WASHINGTON — Like him or not, Ronald (“Tear Down This Wall”) Reagan spoke in a clean, clear prose that almost always left listeners with a sense that he stood for something.

It may thus be no accident that Jim Webb, Virginia’s new Democratic senator, was once a Reaganite.

In his reply to President Bush’s State of the Union speech on Tuesday night, Webb defined the two central moral issues that animate most of the Democratic Party’s rank and file: the mess in Iraq and the fact that the fruits of a growing economy are not being shared by all Americans.

Then Webb did something rather astonishing: He didn’t fudge on his language or try to take the hard edge off his impatience with the status quo.

Giving the speech in response to a president’s State of the Union address may be the hardest assignment in politics. Even the best of the genre reek of focus-grouped and poll-tested sentences. You have the feeling the words are dictated by some party pooh-bah who believes the speech will fail if it does not touch all the issues on every strategist’s list.

Gee, say the consultants to the poor politician who has to carry the party’s torch, you just have to mention healthcare and child care and the environment and union rights and stem cell research — and every other issue that energizes some base voter in some corner of the party.

And, oh yes, Mr. Politician, you can’t forget that your real targets are those critical moderate independent swing voters in the Midwestern and Rocky Mountain states, and here’s a list of key phrases we’ve polled to death that they respond to. You have to throw them in somewhere.

Ever wonder why politicians are so often accused of offering mush?

There was no mush from Webb. On the contrary, he tried only to make his two points, on Iraq and inequality, and showed what he was upset about.

Many Democrats tremble that they will be accused by some right-wing website or presidential spokesman of waging class warfare. Webb made clear that there is a class war going on, and that the wrong side is winning it.

“When I graduated from college, the average corporate CEO made 20 times what the average worker did,” Webb said. “Today, it’s nearly 400 times.”

OK, that’s a standard sort of line from your standard progressive speech. But then came this arresting sentence: “In other words, it takes the average worker more than a year to make the money that his or her boss makes in one day.”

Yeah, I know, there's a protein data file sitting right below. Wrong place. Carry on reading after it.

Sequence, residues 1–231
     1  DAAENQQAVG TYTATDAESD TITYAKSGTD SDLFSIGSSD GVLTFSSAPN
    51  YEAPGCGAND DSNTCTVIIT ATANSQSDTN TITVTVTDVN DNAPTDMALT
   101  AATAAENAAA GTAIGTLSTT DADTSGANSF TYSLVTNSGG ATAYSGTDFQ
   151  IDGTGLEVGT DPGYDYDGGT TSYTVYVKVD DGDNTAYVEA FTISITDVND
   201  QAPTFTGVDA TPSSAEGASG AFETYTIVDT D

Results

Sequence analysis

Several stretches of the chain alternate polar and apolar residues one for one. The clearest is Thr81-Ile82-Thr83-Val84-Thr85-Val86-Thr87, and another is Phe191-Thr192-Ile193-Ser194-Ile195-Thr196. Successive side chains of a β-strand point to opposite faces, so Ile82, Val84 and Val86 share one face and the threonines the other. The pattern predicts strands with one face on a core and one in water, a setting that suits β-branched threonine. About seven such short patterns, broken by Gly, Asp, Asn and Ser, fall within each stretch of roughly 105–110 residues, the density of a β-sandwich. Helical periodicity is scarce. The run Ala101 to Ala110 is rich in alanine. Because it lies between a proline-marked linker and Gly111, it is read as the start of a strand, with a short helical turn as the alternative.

Examine that closely. How many politicians out there raising campaign contributions from rich people are willing to use boss, instead of a more respectful locution?

And by talking about the time it takes someone to earn a buck, Webb makes it impossible for anyone to forget how vast the inequalities in our society have become.

Webb knows whom he is fighting for. “We’re working,” he said, “to get the right things done, for the right people and for the right reasons.”

On Iraq, Webb did not mince his words about Bush’s responsibility. “The president took us into this war recklessly,” he declared.

Instead of qualifying this strong statement, Webb backed it up: “He disregarded warnings from the national security adviser during the first Gulf War, the chief of staff of the Army, two former commanding generals of the Central Command. …” The list more than supported Webb’s next thought, that “we are now, as a nation, held hostage to the predictable — and predicted — disarray that has followed.”

OK, even Webb held back on a couple of politically sensitive points. He offered workers an all-purpose promise on the trade issue that so divides his party. “Government,” he said, “has a duty to insist that their concerns be dealt with fairly in the international marketplace.”

And, yes, he simultaneously came out against “a precipitous withdrawal” from Iraq and in favor of “a formula that will in short order allow our combat forces to leave Iraq.” Philosophers and lexicographers might debate the difference between the words precipitous and short order.

But Webb’s performance was a salutary sign that Democrats just might be getting over the battered-party syndrome that has left so many of them terrified of saying exactly what’s on their mind. Then again, maybe Webb was just speaking for himself. Having lived on the Republican side of politics during the Democrats’ most traumatic years, he may have escaped the traumas associated with defeat.

E.J. Dionne’s e-mail address is postchat(at symbol)aol.com.

Copyright 2007, Washington Post Writers Group

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